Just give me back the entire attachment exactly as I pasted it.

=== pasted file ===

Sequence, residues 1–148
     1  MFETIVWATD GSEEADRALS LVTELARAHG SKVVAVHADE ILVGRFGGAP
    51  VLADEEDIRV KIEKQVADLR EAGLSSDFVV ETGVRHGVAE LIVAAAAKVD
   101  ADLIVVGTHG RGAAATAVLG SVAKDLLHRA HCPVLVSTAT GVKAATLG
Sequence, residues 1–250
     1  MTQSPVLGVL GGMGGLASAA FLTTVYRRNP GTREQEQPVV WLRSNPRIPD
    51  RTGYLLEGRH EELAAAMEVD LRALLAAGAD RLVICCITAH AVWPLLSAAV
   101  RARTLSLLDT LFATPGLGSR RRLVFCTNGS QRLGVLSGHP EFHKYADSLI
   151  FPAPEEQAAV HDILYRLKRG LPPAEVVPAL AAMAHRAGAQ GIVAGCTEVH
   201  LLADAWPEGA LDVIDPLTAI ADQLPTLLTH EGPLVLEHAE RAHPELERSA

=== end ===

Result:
Sequence, residues 1–148
     1  MFETIVWATD GSEEADRALS LVTELARAHG SKVVAVHADE ILVGRFGGAP
    51  VLADEEDIRV KIEKQVADLR EAGLSSDFVV ETGVRHGVAE LIVAAAAKVD
   101  ADLIVVGTHG RGAAATAVLG SVAKDLLHRA HCPVLVSTAT GVKAATLG
Sequence, residues 1–250
     1  MTQSPVLGVL GGMGGLASAA FLTTVYRRNP GTREQEQPVV WLRSNPRIPD
    51  RTGYLLEGRH EELAAAMEVD LRALLAAGAD RLVICCITAH AVWPLLSAAV
   101  RARTLSLLDT LFATPGLGSR RRLVFCTNGS QRLGVLSGHP EFHKYADSLI
   151  FPAPEEQAAV HDILYRLKRG LPPAEVVPAL AAMAHRAGAQ GIVAGCTEVH
   201  LLADAWPEGA LDVIDPLTAI ADQLPTLLTH EGPLVLEHAE RAHPELERSA